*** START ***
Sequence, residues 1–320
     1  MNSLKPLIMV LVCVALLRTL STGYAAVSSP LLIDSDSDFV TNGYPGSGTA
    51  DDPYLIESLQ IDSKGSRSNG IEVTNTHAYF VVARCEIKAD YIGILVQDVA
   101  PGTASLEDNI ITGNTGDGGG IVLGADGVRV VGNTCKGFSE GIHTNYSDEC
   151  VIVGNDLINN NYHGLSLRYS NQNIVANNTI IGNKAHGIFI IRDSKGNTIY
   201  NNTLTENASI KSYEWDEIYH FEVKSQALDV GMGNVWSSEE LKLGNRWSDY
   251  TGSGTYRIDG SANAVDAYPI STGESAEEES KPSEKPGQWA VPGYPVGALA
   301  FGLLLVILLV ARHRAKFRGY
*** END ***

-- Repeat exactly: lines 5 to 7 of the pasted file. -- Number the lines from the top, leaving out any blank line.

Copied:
   151  VIVGNDLINN NYHGLSLRYS NQNIVANNTI IGNKAHGIFI IRDSKGNTIY
   201  NNTLTENASI KSYEWDEIYH FEVKSQALDV GMGNVWSSEE LKLGNRWSDY
   251  TGSGTYRIDG SANAVDAYPI STGESAEEES KPSEKPGQWA VPGYPVGALA